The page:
6

Feldman contends that the evidence established several unrelated conspiracies among various groups of the defendants, rather than the single conspiracy charged in the first count of the indictment. In a similar vein, he asserts that there was no proof of any activity on his part in furtherance of the conspiracy charged, since the transaction alleged to have been discussed in his apartment was never consummated.

7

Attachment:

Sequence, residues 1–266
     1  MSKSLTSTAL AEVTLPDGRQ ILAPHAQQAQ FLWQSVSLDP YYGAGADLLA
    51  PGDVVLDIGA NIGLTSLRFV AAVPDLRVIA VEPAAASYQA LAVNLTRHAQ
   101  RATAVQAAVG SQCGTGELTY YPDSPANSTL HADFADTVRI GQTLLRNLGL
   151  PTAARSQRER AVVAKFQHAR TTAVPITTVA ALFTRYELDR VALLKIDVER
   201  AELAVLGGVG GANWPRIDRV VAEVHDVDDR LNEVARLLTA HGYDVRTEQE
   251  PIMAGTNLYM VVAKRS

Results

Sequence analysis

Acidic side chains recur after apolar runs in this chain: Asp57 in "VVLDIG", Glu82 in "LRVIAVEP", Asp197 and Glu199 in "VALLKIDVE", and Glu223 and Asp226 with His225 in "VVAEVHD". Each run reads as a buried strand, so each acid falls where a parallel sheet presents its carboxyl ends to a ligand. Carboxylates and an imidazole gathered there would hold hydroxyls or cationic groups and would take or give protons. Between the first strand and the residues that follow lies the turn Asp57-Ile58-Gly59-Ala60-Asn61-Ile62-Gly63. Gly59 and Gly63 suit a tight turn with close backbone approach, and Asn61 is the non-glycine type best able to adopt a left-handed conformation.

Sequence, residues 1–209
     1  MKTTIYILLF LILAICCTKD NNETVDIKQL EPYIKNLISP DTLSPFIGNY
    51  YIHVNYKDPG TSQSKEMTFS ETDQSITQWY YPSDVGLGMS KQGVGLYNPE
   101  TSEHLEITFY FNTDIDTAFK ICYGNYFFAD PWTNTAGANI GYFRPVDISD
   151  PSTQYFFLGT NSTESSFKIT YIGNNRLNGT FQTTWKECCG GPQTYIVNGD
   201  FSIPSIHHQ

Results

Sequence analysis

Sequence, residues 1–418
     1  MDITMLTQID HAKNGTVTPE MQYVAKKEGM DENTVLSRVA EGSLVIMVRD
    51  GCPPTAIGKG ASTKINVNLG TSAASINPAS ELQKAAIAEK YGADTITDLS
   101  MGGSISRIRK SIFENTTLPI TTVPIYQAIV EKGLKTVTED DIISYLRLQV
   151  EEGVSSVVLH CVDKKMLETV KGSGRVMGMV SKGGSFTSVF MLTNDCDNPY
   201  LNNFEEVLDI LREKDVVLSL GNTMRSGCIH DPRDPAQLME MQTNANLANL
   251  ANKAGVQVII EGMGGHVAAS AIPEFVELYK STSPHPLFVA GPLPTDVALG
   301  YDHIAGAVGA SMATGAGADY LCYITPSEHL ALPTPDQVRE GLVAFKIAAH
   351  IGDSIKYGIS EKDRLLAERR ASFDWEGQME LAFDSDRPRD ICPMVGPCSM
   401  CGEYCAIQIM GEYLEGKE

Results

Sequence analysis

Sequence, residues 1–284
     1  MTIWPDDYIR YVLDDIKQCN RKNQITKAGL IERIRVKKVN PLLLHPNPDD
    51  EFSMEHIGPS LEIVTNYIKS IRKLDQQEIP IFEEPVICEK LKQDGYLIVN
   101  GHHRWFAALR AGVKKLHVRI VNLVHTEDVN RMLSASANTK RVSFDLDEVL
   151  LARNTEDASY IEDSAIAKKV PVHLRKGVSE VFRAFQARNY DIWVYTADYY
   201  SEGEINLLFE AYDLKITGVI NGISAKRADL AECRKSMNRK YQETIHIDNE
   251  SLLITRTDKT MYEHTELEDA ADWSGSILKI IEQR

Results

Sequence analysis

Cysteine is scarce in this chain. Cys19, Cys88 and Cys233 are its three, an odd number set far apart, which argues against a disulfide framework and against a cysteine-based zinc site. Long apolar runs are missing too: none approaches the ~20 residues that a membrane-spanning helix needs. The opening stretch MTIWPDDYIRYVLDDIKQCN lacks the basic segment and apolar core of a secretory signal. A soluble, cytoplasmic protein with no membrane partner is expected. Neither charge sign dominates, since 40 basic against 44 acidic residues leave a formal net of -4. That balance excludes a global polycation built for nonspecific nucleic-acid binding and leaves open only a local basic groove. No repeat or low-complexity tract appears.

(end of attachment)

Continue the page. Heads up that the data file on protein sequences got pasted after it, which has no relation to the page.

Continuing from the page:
Of course, in considering the sufficiency of the proof to establish Feldman's connection with the conspiracy, we must view the evidence, including the testimony of Wood, together with all inferences reasonably and logically deducible therefrom, in the light most favorable to the Government since the jury has returned a verdict of guilty. United States v. Minker, 312 F.2d 632 (C.A.3, 1962), cert. denied, 372 U.S. 953, 83 S.Ct. 952, 9 L.Ed.2d 978 (1963); United States v. Carlucci, 288 F.2d 691 (C.A.3), cert. denied, 366 U.S. 961, 81 S.Ct. 1920, 6 L.Ed.2d 1253 (1961); United States v. Giuliano, 263 F.2d 582 (C.A.3, 1959). The record discloses that several of the defendants attempted to obtain counterfeit $20 notes from a source in New Jersey on several occasions.5 Moreover, the evidence shows that one of these defendants, whose role in the conspiracy is not challenged in this court, introduced Wood to Ellis following the unsuccessful attempt to execute a purchase in Newark, New Jersey. Ellis boasted that he was the only person who could arrange a sale, and his relationship with Feldman was established by direct testimony. The Government introduced the records of telephone calls not only between Ellis and Feldman, but between Ellis and another of the defendants during the period when the former was attempting to arrange a sale of the notes to Wood. We need not here again recite the testimony of the discussion of the 'twenties' in Feldman's apartment, but need only state that this testimony, coupled with the circumstances we have related, provided a sufficient evidentiary basis for the jury to find that this incident was a part of the larger criminal enterprise charged in the indictment, rather than a separate, isolated occurrence. We might note here that the district court in its charge left this question to the jury under lucid and specific instructions.6